To get a final_value in the range [-1, 1], we must divide the final value by sqrt(2) / 2. Indeed, final_value will take its maximum value when the point is the center of the cell, and when the 4 corner gradients are directly pointing toward the point. In this specific configuration, the dot product will yield its maximum value which is the product of the amplitudes of the 2 vectors. Since our gradient vector always has an amplitude of 1 (see the random_vector function), and the distance between the center and the corner of a square whose sides are 1 in length is sqrt(2) / 2, the maximum value is 1 * sqrt(2) / 2 = sqrt(2) / 2. The lerp operations won’t influence this maximum value.

Here is a small simulator that implements the algorithm given above.

 Seed: Period: Smoothed (fade): Overlay:

And here is the entire code in one block.

The Perlin Noise at the moment doesn’t look good. To have something more visually appealing, we will need to implement Octaved Perlin Noise.

It is though interesting to see the impact of the parameters on the result. For example, if you set the period to 128 and disable smoothing, you will clearly the 16 cells (4 by 4) that makes the final image. By toggling the overlay, you can see the influence of the vectors on the color of the cell. The area in the direction of a gradient vector will generally be white, while the area “behind” a gradient vector will generally black.

Juxtaposing multiple octaves (or periods)

To get a good looking noise like shown in the first picture of this article, you must juxtapose multiple Perlin Noise with different periods. For example, we can take the noise with a period of 128, then 64, then 32, etc…

You may sometime see the term Octaved Perlin Noise when referring to this technique. In music, an octave is the interval between a period and its half (or a frequency, and its double).

To implement this, we simply re-generate multiple Perlin Noise grid with different periods, and linearly add them to form a merged grid. The code detailed in this section is contained in the following function:

We want to generate and merge octaves different grids. The first one will have a period of start_period, the second one a period of start_period / 2, the third one a period of start_period / 4 and so on.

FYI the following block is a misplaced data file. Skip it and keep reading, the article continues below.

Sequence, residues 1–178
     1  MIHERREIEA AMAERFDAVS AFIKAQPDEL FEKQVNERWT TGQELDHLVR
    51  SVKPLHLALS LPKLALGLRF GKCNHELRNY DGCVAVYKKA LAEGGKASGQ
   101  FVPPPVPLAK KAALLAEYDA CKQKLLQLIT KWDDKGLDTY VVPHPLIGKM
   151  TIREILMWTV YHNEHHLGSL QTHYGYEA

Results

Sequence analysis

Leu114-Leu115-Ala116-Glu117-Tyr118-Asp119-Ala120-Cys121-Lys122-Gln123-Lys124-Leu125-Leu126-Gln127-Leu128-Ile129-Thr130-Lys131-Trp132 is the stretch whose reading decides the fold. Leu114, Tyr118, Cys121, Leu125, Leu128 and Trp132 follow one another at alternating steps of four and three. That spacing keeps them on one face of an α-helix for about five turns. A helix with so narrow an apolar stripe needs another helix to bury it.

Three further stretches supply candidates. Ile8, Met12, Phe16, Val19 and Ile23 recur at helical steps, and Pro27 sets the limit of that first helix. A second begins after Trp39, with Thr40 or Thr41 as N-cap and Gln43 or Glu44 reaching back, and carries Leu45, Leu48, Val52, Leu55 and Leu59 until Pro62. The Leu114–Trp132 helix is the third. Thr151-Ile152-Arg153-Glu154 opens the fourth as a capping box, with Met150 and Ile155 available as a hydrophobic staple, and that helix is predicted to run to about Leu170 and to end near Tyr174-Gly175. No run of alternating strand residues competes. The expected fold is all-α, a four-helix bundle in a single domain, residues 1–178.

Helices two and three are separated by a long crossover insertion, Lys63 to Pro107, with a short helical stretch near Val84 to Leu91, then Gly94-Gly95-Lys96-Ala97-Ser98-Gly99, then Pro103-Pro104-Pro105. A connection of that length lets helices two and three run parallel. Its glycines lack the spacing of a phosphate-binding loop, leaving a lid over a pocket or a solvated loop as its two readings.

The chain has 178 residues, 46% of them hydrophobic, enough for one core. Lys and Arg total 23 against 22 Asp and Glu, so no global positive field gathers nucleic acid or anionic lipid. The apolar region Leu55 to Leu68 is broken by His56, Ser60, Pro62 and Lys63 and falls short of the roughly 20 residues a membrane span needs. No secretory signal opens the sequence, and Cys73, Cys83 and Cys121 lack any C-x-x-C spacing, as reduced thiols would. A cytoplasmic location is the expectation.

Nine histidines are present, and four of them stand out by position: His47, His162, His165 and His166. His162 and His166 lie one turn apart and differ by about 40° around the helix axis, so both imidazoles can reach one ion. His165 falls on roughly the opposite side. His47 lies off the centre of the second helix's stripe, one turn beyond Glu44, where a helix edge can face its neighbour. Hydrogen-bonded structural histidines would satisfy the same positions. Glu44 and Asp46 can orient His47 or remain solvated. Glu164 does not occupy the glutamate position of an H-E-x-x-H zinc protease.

We also want the small-period grids to have a lower impact on the final result than the big-period grids. Indeed, if you use your Perlin Noise to generate a heightmap (such as in Minecraft, for example), you want to use bigger periods to generate large mountains or large oceans, and smaller periods to generate small hills or pools. Note that you can always choose not to do that, depending on the result you want.

For this article, we will simply divide by 2 the range of the values for each octave. The first grid (period 128) will then yield values in the range [-1, 1], the second grid (period 64) in [-0.5, 0.5], the third grid (period 32) in [-0.25, 0.25] and so on. We say that we attenuate the higher octaves with a factor of 0.5. Note that we can generalize, and say that we attenuate the i-th octave by a factor of 0.5^i.

Note that since we add multiple grids together, we increase the maximum value that may be generated. Indeed, if we add 3 octaves together, with an attenuation of 0.5, final_grid may contain values up to 1 + 0.5 + 0.25 = 1.75. To be consistent with the first algorithm, we will compute this maximum value (max_value in the code) and divide every value of our grid by it, before finally returning the merged grid.

 Seed: Start Period: Octaves: Attenuation:

Start by setting a period of 128 and only 1 octaves, you will see a traditionnal Perlin Noise like we did in the first part of this article. You can then increase the number of octaves and see the impact of each added Perlin Noise grid on the final image.

The entire code.

Other uses

We saw how to generate a grayscale texture using Perlin Noise, but it can be used for many purposes. To generate this map (thanks to @CuddlyColin for the assets), I used 2 Perlin Noise grids: one for the elevation to define water, land and mountain areas, and another one for the humidity to define land, forests and oasis. I had to tweak the numbers (periods, attenuation) a lot to get a good and natural map, this is why it is important to understand what impact each parameters has on the final result. You can for example guess that the period used for the Perlin noise will give a rough estimate of the size of an ocean or a forest in the final map. This image (Source) shows how you can Perlin Noise to simulate handwriting. The author generated a one-dimension Perlin Noise grid, and then, using a perfect circle as base, used it as an offset for the circle. Depending on the value on the noise, the circle will sometimes have a bigger radius, sometimes a lower radius, simulating a hand drawn circle.